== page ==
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Q&A: Baking Potatoes Effectively


We prepare and bake 1,200 Idaho Bakers for our annual BAR-B-QUE.  We normally wash them on Wednesday night and when they are dry we wrap in aluminum foil on Thursday and start baking on Friday morning, for serving that day.  Would it be acceptable if we wash and wrapped on Wednesday night while the bakers are still wet and start baking on Friday?


Also, when baked we will store some in Styrofoam boxes and they continue to bake causing over cooking.  Do you have any suggestions how to prevent this and keep the potatoes hot?

First off, I’d like to say thank you for using Idaho® Potatoes for your event.   The food safety issues with potatoes come up when holding potatoes in a middle zone of not too hot, not too cold once they are cooked.  So, as long as the raw potatoes you wash are being stored properly, go ahead and wash them on Wednesday and bake on Friday.  Just don't coat the raw potatoes in oil or butter and then put into foil.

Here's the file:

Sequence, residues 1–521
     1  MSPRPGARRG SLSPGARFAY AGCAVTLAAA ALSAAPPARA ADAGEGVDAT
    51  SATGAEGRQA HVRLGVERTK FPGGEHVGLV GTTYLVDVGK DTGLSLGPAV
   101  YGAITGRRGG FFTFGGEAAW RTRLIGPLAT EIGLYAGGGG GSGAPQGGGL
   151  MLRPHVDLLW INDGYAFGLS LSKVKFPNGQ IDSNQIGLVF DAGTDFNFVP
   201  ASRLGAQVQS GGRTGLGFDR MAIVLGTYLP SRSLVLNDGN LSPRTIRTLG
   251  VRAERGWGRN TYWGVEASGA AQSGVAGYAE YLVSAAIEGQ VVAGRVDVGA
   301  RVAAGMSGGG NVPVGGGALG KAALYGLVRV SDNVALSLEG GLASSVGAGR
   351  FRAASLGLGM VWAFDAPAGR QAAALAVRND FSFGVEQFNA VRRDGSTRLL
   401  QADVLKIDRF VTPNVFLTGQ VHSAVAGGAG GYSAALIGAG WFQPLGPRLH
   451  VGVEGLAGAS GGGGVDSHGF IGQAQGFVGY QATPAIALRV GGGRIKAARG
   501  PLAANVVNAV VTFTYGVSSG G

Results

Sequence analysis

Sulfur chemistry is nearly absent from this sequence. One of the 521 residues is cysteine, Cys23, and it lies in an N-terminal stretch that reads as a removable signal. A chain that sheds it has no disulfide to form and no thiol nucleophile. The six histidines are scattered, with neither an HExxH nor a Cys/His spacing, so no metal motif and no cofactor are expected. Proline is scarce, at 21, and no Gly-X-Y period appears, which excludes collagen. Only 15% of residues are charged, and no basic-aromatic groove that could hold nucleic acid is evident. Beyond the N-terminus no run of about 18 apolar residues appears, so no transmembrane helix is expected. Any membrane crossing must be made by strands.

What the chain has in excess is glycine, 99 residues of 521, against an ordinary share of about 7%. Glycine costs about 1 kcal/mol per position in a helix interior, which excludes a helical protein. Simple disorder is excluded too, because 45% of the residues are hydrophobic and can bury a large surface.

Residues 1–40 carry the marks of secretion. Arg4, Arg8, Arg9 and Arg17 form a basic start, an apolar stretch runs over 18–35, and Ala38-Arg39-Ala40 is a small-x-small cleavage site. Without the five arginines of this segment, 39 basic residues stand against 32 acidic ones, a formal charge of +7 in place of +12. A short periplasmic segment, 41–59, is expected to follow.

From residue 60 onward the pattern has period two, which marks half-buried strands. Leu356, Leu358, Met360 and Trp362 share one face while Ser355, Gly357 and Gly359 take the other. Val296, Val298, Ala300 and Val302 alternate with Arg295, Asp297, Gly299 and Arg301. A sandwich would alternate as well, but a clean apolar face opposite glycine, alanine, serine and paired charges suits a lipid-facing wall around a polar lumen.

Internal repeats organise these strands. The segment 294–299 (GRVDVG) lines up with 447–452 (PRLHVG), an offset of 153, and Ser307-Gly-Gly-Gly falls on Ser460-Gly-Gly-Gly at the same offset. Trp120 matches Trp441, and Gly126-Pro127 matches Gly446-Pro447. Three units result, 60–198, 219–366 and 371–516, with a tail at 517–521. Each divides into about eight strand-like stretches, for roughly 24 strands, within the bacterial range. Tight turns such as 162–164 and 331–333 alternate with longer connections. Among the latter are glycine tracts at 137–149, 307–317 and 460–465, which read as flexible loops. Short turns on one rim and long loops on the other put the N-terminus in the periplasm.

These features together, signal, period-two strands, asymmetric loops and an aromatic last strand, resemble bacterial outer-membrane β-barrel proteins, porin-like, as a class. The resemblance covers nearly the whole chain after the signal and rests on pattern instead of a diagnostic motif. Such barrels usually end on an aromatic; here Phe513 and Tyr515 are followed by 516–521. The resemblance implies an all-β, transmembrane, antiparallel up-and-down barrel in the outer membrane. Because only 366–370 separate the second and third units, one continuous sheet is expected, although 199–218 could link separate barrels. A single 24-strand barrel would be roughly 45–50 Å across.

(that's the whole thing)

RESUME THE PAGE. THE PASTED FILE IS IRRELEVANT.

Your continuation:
In foodservice we don't recommend wrapping the potatoes in foil for preparation.  It steams the potato when cooked as the moisture cannot escape (a potato is typically 80% water so you are trapping it inside) and the outer skin will be wet with an interior flesh that is soggy.  Potatoes actually take longer to cook when wrapped in foil as the aluminum has to be heated up before the potato inside will start to bake.

Here is what I recommend... to have a hot potato that is dry and fluffy, as well as being able to store the potato in foil for an extended serving time, bake the potatoes on Friday AM (for service at lunch time) without any foil.  Once the internal temp is 185°F or more (210°F is ideal) pull the potatoes from the oven, and with one person using a mitt, hand the hot potato to another to wrap in foil.  You can achieve a superior tasting potato.  Pre-heat plastic coolers with hot water and drain the water just before placing the foil wrapped potatoes inside.  They will keep warm for the serving period.  Give it a try and I think you will be getting "compliments to the chef".